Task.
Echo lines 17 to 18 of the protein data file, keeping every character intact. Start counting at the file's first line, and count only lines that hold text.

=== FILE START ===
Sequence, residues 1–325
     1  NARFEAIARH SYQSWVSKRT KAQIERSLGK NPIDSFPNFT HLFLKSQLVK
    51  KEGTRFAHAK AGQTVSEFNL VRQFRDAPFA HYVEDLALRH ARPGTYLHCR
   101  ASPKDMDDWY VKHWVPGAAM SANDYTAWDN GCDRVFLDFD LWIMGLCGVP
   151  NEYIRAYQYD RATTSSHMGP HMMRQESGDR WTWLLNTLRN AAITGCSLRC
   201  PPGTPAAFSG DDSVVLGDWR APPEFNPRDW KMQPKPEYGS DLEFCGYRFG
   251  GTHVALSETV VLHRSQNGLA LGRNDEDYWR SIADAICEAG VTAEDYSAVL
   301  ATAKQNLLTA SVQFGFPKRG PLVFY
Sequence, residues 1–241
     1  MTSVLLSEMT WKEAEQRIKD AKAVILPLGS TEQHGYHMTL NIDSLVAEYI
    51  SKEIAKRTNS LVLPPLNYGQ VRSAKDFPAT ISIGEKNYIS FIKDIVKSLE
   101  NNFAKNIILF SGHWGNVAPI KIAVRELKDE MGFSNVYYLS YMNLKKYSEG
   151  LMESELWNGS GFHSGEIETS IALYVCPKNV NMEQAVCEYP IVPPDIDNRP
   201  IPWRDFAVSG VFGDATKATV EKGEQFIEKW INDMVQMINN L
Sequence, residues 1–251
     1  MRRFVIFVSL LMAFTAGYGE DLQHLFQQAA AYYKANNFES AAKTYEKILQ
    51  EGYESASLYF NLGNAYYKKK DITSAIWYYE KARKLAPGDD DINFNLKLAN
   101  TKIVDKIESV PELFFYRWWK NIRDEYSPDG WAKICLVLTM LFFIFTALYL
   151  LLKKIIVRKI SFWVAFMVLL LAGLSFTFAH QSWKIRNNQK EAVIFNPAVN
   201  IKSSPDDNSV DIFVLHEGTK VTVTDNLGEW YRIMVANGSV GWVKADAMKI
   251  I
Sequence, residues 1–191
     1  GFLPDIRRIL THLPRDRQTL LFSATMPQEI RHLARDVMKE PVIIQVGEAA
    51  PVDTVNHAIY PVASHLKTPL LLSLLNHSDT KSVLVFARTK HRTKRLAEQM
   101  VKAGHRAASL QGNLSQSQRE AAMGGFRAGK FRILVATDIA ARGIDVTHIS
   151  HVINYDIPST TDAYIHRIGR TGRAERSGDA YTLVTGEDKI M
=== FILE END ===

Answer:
    51  EGYESASLYF NLGNAYYKKK DITSAIWYYE KARKLAPGDD DINFNLKLAN
   101  TKIVDKIESV PELFFYRWWK NIRDEYSPDG WAKICLVLTM LFFIFTALYL